“We know that we have at least one fatality now in Louisiana,” Edwards said.

The governor said a 14-year-old girl in the Leesville area died after a tree fell onto her home.

“I suspect that won’t be the last (fatality), although I pray that we don’t have anymore,” he said.

 

President Donald Trump plans to visit the Federal Emergency Management Agency on Thursday to be briefed on Hurricane Laura, CNN reported, citing White House Press Secretary Kayleigh McEnany.

The president is “closely monitoring Hurricane Laura” and has spoken with Louisiana Gov. John Bel Edwards and Texas Gov. Greg Abbott, McEnany said in a statement posted on social media.

“The President encourages all in the storm’s path to listen to the safety guidance of state and local officials,” McEnany said.

 

Update 10:30 a.m. CDT: Aug. 27:

Hurricane Laura has maximum sustained winds of 85 mph and is now a category 1 hurricane moving to the northeast at 15 mph


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Update 9:41 a.m. CDT: Aug. 27:

Hurricane Laura continues to move inland. Heavy rains and winds traveling over Alexandria this morning. With the rain bands there could be some embedded storms that could have some rotation and spin tornadoes. There is a tornado watch in effect for our area until 4 p.m.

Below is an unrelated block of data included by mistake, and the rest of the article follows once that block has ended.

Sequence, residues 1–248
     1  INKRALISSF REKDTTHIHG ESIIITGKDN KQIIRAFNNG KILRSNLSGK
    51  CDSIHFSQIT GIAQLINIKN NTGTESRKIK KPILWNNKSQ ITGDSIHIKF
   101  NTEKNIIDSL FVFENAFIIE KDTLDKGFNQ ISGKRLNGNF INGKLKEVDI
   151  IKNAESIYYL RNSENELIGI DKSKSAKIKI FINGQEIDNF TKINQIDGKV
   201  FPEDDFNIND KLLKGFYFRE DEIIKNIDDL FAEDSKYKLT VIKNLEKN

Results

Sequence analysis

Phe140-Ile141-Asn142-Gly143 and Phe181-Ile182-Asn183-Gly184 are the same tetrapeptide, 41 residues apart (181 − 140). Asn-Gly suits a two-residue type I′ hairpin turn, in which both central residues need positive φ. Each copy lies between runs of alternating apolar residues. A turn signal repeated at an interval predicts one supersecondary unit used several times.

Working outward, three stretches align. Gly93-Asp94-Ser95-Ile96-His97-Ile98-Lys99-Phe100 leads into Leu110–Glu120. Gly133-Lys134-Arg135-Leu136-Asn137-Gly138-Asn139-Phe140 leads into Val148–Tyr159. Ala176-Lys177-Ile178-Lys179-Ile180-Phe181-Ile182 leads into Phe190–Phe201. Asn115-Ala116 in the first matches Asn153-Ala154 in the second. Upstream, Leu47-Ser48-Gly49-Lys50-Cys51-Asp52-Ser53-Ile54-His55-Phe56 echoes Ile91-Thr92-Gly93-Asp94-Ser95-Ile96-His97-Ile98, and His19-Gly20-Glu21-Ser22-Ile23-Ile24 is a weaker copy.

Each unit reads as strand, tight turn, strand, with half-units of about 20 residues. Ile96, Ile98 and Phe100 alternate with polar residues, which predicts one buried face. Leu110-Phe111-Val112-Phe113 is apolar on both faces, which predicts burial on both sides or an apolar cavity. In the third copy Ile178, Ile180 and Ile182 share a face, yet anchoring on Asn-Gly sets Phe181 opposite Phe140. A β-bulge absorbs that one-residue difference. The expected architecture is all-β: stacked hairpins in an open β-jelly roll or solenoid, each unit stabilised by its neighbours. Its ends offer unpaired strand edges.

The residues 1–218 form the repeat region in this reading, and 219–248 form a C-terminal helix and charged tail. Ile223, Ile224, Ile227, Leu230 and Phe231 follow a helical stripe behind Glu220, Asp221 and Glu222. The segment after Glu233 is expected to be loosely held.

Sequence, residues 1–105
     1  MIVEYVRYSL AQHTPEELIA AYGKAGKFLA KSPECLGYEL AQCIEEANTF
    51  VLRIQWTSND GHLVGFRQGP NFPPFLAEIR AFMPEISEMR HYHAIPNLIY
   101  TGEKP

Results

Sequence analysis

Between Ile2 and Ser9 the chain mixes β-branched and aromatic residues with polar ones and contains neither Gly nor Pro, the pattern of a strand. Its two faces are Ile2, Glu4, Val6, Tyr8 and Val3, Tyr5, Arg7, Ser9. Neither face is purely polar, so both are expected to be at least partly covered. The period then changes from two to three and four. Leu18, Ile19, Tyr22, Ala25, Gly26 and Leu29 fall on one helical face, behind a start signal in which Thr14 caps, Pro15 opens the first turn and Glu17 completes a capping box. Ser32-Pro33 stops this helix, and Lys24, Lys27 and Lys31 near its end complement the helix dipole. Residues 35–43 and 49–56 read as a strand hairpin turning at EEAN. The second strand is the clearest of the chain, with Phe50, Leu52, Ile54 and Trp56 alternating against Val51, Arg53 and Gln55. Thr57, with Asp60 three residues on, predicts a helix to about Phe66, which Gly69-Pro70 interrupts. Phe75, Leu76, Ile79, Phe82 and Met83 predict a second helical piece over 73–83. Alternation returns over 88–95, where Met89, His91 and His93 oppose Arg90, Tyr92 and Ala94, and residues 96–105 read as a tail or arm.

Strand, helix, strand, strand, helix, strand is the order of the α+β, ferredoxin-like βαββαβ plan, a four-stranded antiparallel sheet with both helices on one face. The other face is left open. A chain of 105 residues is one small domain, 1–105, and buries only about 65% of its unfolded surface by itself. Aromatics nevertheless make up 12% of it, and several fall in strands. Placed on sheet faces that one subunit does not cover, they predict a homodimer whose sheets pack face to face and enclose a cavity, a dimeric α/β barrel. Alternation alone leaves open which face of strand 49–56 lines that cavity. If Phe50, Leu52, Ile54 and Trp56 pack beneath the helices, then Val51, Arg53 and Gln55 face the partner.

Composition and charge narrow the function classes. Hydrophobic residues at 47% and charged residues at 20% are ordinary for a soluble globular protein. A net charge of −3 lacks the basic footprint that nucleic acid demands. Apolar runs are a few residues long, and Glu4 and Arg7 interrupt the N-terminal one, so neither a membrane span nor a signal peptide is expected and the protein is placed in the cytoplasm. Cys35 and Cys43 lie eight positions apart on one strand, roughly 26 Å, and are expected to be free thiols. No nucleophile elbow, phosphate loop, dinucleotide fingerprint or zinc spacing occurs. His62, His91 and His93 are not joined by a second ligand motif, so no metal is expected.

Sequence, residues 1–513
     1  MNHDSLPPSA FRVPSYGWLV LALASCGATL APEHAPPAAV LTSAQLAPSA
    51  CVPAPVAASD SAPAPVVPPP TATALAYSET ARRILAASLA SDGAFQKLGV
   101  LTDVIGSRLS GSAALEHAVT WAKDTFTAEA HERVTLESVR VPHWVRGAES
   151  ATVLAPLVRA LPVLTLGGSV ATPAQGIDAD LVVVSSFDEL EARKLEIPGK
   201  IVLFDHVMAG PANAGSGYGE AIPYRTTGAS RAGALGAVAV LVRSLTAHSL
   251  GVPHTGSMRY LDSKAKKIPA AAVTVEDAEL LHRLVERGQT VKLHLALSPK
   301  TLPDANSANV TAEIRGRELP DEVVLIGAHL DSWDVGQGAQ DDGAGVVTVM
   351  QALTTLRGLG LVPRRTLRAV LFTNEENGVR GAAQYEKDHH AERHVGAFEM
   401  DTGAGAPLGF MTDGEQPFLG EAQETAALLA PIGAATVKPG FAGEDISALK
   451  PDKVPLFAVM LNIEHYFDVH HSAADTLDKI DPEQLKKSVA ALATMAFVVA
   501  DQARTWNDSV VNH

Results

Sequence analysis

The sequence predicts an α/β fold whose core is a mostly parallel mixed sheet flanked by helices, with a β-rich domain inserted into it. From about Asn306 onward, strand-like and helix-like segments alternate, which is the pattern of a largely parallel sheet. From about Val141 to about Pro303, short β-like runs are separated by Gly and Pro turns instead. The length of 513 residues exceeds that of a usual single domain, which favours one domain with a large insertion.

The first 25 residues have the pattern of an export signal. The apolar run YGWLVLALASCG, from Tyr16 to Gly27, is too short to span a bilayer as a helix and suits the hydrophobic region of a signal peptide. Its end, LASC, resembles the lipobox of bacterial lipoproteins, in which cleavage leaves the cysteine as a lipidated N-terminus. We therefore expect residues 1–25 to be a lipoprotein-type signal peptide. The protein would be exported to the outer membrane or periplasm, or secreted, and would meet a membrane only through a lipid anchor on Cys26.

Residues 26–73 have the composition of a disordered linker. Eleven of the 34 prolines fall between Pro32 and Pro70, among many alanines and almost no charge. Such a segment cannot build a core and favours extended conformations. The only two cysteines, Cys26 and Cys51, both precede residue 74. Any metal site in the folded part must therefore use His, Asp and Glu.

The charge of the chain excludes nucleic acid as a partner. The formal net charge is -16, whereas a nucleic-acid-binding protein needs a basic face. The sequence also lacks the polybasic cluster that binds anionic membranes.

Make sure to stay indoors. Lots of power outages reported and many lines are down. Please don’t venture outside, or try to clean on yet. There could be some live wires within the debris. Also, don’t walk through flooded waters, there could be sharp objects, animals, and bacteria in the waters. Stay indoors, safely.

 

 

Update 7:08 a.m. CDT: Aug. 27: Hurricane Laura remains a Category 2 storm, but maximum sustained winds have decreased to 100 mph.

Damaging winds and flooding rainfall are spreading inland over western and central Louisiana as the storm continues to move north at 15 mph.

At 8 a.m. EDT Laura was located 20 miles north of Fort Polk, Louisiana, and life-threatening storm surge continues across most of the state’s coast.The storm is forecast to weaken rapidly and is currently located 30 miles north-northwest of Lake Charles, Louisiana, and 50 miles northeast of Port Arthur, Texas.

Laura, which is still moving north at 15 mph, is expected to become a tropical storm later in the day. Hurricane-force winds extend outward up to 60 miles from Laura’s center, and tropical-storm-force winds extend outward up to 175 miles.

The hurricane warning from High Island to Intracoastal City has been replaced with a tropical storm warning.

Update 6:31 a.m. EDT: Aug 27: The National Weather Service downgraded Hurricane Laura to a Category 2 storm just before 6 a.m. EDT Thursday after maximum sustained winds decreased to 110 mph.

Update 5:05 a.m. EDT Aug. 27: The National Weather Service downgraded Hurricane Laura to a Category 3 storm just before 5 a.m. EDT Thursday after maximum sustained winds decreased to 120 mph.

The storm is forecast to weaken rapidly and is currently located 30 miles north-northwest of Lake Charles, Louisiana, and 50 miles northeast of Port Arthur, Texas.

Laura, which is still moving north at 15 mph, is expected to become a tropical storm later in the day. Hurricane-force winds extend outward up to 60 miles from Laura’s center, and tropical-storm-force winds extend outward up to 175 miles.